IRS tax-exempt scrutiny cast a wide net

  • Article by: JONATHAN WEISMAN
  • New York Times
  • July 4, 2013 - 9:11 PM

– In 2010, a tiny Palestinian-rights group called Minnesota Break the Bonds applied to the Internal Revenue Service for tax-exempt status. Two years and a lot of prodding later, the IRS sent the group’s leaders a series of questions and requests almost identical to the ones it was sending to Tea Party groups at the time.

What are “the qualifications and experience” of Break the Bonds instructors? Does the group “present a sufficiently full and fair explanation of the relevant facts” about the Palestinian territories? Provide copies of pamphlets, brochures or other literature distributed at group events. Provide a template of petitions, postcards and any other material used to influence legislation.

The controversy that erupted in May has focused on an ideological question: Were conservative groups singled out for special treatment based on their politics, or did the IRS equally target liberal groups?

Less about ideology

But a closer look at the IRS operation suggests the problem was less about ideology and more about how a process telling reviewers to “be on the lookout” for terms was applied to any group that mentioned certain words in its application.

Organizations approached by the New York Times based on specific “lookout list” warnings, like advocates for people in “occupied territories” and “open source software developers,” told similar stories of long waits, intrusive inquiries and bureaucratic hassles that pointed to no particular bias but rather to a process that became too rigid and too broad. The lists often did point to legitimate issues: partisan political campaign organizations seeking tax-exempt status, or commercial businesses hoping to cloak themselves as nonprofit groups.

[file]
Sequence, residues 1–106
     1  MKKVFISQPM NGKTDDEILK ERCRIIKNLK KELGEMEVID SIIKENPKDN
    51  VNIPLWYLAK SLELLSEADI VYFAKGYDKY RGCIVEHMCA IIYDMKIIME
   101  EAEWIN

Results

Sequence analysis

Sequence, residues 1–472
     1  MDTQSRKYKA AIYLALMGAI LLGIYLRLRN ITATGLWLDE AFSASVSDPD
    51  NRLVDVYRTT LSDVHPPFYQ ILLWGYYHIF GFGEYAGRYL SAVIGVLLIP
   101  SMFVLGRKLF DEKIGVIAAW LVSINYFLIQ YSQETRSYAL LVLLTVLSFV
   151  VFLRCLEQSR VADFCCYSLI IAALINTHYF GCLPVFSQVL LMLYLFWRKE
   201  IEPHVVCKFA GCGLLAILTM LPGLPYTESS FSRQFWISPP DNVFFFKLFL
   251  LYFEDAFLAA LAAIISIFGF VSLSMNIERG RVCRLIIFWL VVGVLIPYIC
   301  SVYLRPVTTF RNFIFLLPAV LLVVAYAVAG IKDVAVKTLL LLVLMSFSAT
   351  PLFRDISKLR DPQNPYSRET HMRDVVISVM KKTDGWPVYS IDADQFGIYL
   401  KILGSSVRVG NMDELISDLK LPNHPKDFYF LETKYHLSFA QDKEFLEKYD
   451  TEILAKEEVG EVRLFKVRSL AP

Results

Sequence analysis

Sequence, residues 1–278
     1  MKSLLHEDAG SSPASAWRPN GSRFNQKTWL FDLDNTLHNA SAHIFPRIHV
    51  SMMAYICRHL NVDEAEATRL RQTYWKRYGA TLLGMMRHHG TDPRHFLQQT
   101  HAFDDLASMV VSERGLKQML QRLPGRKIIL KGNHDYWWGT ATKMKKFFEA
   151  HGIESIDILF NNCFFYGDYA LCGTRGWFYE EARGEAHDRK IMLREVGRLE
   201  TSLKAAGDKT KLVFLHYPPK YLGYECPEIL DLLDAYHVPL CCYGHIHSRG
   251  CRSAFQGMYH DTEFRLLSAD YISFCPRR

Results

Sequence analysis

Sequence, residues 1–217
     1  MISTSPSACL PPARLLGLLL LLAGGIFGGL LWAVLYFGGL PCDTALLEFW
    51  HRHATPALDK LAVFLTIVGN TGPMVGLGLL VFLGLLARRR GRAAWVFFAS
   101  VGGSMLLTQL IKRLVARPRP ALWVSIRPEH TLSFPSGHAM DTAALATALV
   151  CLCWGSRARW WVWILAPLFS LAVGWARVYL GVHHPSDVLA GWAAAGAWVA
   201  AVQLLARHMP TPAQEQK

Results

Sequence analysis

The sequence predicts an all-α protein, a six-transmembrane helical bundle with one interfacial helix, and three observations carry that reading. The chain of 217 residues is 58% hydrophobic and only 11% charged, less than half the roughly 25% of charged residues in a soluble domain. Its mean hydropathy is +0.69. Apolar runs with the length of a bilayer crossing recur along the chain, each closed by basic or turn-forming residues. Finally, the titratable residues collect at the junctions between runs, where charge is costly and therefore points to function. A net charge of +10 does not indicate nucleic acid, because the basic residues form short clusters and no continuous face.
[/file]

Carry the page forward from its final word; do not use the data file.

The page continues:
Even IRS officials say lookout list warnings were often pursued in a ham-handed or overly rigid way. Last month, the acting IRS commissioner, Daniel Werfel, formally ordered an end to such lists after discovering that they were still in use. Sylvia Schwarz, a co-director of the Break the Bonds group, shrugged at the IRS treatment. She was used to rough scrutiny in a country that tilts against the Palestinians, she said.

But the same questions, asked of conservative organizations, led to the dismissals of top IRS officials, prompting criminal and congressional investigations, scarring the reputation of the nation’s tax collection agency and eliciting charges that the White House had used the agency to pursue its political opponents.

More complicated

Two months of investigation by Congress and the IRS has produced new documents revealing a more complicated narrative, with many organizations reviewed: “progressive” organizations, medical marijuana purveyors, groups formed to carry out President Obama’s health care law and “open source software developers.”

According to the Treasury inspector general for tax administration, the IRS received 199,689 applications for tax-exempt status between 2010 and 2012. In 2012 alone, the agency received 73,319, of which about 22,000 were not approved in the initial review process. The inspector general looked at 296 applications flagged as potentially being from political groups. That means most of the applications pulled aside in those years had nothing to do with politics, just as most of the red flags thrown up by the IRS lookout lists were not overtly political.

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